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Berlin Brandenburg

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  • 1
    Language: English
    In: Annals of Hematology, 21 July 2010, Vol.90(4), pp.473-475
    Description: Dear Editor, We report on two patients with acute myeloid leukemia (AML) initially presenting in 2007. Both patients were tested positive for the FLT3-ITD mutation and were therefore treated with the FLT3 tyrosine kinase inhibitor sorafenib (400 mg/day) after progress of AML following several protocols of conventional chemotherapy. Both patients responded with a significant reduction of peripheral blast counts after 10 to 17 days leading to hematological response for 12 and 14 weeks, respectively. At the time of relapse, molecular analysis investigating mutations of both tyrosine kinase domains by sequencing of each individual FLT3-ITD cDNA did not demonstrate any additional mutations. We therefore suggest that the secondary resistance to sorafenib is mediated by other mechanisms than the acquisition of secondary mutations of FLT3 in these patients. FLT3-ITD mutations represent the second most frequent molecular aberration in AML leading to a constitutive activity of the class III receptor tyrosine kinase FLT3. FLT3-ITD mutations can be found in 25–30% of all AML patients and are associated with a reduced disease-free survival and overall survival [1–3].
    Keywords: Medicine ; Medicine
    ISSN: 0939-5555
    E-ISSN: 1432-0584
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  • 2
    Language: English
    In: Journal of clinical oncology : official journal of the American Society of Clinical Oncology, 10 September 2009, Vol.27(26), pp.4378-84
    Description: This randomized, open-label, parallel-group, multicenter study was designed to compare the efficacy and safety of bendamustine and chlorambucil in previously untreated patients with advanced (Binet stage B or C) chronic lymphocytic leukemia (CLL). Patients (〈or= 75 years of age) were randomly assigned to receive bendamustine 100 mg/m(2)/d intravenously on days 1 to 2, or chlorambucil 0.8 mg/kg (Broca's normal weight) orally on days 1 and 15; treatment cycles were repeated every 4 weeks for a maximum of six cycles. The response to treatment was assessed according to National Cancer Institute Working Group criteria, and the final determination of response was made by a blinded independent review committee. A total of 319 patients were randomly assigned (162 bendamustine, 157 chlorambucil). Complete or partial responses were achieved in 110 (68%) of 162 bendamustine-treated and 48 (31%) of 157 chlorambucil-treated patients (P 〈 .0001). More patients showed complete responses with bendamustine than with chlorambucil (31% v 2%). Median progression-free survival was 21.6 months with bendamustine and 8.3 months with chlorambucil (P 〈 .0001). Bendamustine was also associated with an improvement in duration of remission, compared with chlorambucil (median, 21.8 v 8.0 months). Hematologic National Cancer Institute Common Toxicity Criteria grade 3 to 4 adverse events were more common with bendamustine than with chlorambucil (occurring in 40% v 19% of patients). Severe infections (grade 3 to 4) occurred in 8% of bendamustine-treated patients and 3% of chlorambucil-treated patients. Bendamustine offers significantly greater efficacy than chlorambucil, and a manageable toxicity profile, when used as first-line therapy in patients with advanced CLL.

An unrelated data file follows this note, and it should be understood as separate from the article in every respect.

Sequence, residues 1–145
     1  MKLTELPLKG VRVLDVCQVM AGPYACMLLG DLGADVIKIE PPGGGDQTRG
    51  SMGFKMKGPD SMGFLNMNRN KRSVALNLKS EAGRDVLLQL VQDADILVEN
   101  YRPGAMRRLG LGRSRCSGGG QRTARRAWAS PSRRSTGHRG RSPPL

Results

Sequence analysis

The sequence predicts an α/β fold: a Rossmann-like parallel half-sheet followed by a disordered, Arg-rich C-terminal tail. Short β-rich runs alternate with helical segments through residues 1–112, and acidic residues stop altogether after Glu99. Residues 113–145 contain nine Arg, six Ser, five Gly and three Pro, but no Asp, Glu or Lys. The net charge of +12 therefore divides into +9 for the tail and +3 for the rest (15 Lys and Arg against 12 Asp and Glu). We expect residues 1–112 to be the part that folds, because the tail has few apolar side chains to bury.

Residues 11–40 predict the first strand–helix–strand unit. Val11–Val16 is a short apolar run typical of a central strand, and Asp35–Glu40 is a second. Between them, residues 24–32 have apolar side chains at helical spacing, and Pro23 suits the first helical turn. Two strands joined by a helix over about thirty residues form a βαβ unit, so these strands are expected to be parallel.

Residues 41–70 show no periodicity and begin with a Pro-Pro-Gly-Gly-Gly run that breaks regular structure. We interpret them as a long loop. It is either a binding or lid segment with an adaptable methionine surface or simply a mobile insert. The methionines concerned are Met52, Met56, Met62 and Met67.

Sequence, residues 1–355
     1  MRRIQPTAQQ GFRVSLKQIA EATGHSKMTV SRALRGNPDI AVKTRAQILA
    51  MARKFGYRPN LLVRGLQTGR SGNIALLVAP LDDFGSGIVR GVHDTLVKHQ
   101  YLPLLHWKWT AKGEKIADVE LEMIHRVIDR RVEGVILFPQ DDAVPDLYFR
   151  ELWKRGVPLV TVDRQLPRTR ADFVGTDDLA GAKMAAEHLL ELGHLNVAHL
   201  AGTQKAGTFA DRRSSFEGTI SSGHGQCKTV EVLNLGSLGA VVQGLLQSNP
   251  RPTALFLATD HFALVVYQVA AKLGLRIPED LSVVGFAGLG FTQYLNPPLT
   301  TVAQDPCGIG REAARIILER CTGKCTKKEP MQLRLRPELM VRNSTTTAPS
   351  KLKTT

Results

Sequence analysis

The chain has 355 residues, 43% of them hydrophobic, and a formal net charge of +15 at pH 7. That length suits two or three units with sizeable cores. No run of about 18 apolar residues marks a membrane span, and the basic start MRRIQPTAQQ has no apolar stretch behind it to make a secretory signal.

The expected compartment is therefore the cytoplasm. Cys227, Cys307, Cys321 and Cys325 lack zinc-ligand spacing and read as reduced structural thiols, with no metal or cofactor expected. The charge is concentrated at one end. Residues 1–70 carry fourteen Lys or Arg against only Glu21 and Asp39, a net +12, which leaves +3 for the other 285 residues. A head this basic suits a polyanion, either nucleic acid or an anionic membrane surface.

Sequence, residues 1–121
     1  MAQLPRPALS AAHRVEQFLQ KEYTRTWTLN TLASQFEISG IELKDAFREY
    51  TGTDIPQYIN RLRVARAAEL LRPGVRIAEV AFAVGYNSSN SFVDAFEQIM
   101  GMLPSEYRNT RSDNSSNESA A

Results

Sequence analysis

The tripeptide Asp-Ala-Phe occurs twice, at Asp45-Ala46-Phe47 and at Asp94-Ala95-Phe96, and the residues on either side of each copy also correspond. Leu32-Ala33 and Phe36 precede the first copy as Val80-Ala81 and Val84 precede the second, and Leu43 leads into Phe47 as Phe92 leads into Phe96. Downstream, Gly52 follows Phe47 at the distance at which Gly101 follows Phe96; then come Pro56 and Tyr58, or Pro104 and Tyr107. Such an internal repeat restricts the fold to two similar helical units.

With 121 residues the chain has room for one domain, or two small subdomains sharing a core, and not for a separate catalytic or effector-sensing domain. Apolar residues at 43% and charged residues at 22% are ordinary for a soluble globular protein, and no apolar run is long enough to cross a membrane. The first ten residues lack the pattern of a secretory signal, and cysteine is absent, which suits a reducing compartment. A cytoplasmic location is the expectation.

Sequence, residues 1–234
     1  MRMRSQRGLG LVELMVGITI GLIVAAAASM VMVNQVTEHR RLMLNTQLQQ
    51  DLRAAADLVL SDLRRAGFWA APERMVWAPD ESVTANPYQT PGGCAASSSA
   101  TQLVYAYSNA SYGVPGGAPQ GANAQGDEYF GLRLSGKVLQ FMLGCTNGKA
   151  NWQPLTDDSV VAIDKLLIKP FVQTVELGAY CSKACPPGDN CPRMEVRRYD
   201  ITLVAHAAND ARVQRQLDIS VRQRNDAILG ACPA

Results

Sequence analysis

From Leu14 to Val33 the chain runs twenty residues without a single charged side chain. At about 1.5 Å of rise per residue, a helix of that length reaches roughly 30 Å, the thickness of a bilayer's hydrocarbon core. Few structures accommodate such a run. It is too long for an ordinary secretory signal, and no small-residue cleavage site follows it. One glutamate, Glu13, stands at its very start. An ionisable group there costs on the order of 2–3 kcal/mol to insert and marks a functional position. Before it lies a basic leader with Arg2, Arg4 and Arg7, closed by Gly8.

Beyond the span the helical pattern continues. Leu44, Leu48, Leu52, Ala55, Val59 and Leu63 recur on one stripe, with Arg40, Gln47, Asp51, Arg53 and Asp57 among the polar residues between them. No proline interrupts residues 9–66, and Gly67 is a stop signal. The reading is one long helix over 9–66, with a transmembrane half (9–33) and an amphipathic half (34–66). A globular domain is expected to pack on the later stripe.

Keywords: Chlorambucil -- Therapeutic Use ; Leukemia, Lymphocytic, Chronic, B-Cell -- Drug Therapy ; Nitrogen Mustard Compounds -- Therapeutic Use
    E-ISSN: 1527-7755
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